Grand Park Opens Downtown - CityThink - Los Angeles magazine
 
 

Grand Park Opens Downtown

Grand Park in downtown Los Angeles opened this afternoon with barefoot county supervisors, a parade of giant plant people and a gaggle of water dancers in skintight blue bodysuits. Only in Los Angeles, right? The 12-acre park (roughly the size of The Grove at Farmer’s Market) straddles an uphill parcel between City Hall and the Music Center and replaces surface parking lots and the largely forgotten 1966 Paseo de los Pobladores. The opening was highly choreographed with all eyes on the Arthur J. Will Memorial fountain, a sculpted concrete disc with a Brasilia flair, left over from the original design.

Seated in front, on a platform that seemed to float on the water, were all five County Supervisors, billionaire philanthropist Eli Broad, a representative from the Related Companies (they wrote a $50 million check for the park and plan to build a residential tower nearby) and California poet laureate Juan Felipe Herrera. When the flag swinging dancers appeared behind them it felt like the opening ceremonies of a futuristic Olympics or some high Kryptonian council about to send us to the Phantom Zone.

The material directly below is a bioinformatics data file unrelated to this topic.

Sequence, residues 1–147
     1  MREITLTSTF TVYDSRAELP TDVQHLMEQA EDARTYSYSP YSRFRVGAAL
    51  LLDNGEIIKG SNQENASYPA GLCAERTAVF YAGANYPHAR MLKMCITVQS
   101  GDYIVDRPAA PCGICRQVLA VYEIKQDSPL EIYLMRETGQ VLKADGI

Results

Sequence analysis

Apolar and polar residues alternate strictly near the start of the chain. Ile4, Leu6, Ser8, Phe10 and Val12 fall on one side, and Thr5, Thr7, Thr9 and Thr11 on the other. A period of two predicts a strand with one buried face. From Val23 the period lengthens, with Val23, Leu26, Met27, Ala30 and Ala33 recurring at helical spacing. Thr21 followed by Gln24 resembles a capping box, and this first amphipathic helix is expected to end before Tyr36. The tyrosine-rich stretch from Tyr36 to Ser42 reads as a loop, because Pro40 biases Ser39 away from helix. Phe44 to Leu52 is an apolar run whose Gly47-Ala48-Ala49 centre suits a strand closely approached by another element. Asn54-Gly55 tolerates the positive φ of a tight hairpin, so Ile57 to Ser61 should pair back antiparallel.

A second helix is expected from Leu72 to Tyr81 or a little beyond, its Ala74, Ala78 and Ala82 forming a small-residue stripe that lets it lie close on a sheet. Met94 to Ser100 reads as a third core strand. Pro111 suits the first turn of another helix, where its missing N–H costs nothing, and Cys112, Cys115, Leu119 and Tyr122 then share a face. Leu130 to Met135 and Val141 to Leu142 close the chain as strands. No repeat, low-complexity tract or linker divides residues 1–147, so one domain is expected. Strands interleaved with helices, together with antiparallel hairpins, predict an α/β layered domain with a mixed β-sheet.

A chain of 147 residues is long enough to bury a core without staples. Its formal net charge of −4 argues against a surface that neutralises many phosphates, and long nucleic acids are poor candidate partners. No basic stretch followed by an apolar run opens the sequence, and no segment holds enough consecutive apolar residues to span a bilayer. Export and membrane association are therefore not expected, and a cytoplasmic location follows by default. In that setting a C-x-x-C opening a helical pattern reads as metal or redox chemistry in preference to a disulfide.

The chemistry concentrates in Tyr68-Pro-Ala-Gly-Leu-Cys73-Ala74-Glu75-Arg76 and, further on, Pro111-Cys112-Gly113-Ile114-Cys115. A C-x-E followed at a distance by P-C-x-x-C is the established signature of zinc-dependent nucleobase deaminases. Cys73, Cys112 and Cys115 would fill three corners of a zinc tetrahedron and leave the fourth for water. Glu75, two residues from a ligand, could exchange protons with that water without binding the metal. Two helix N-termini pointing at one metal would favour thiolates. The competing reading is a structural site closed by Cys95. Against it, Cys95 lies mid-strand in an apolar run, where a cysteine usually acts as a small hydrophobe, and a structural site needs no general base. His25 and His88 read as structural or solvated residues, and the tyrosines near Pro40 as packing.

Gloria Molina, who spearheaded the project for four years, got the most applause and called the plaza a “modern zócalo” and promised all events there would be free of charge.  Supervisor Zev Yaroslavsky proclaimed that it was "One of the rare projects where the end product is better than the renderings.” 

The landscape, by Rios Clementi Hale, is a botanical wonderland of 24 separate gardens featuring plants from all six of the world’s “floristic kingdoms” from Paleotropical to Antarctic. The hardscaping, and that spacey new Starbucks building, take cues from the midcentury surroundings of the Civic Center: Neutra’s Hall of Records, A.C. Martin’s Department of Water and Power and Welton Becket’s Music Center.

This weekend, thousands are expected to fill the space for a televised “National Dance Day” with a performance from Cirque du Soleil, free lessons and stars from So You Think You Can Dance. Bring your dancing shoes or just go barefoot like Eli Broad did earlier today. A vision I may never shake. 











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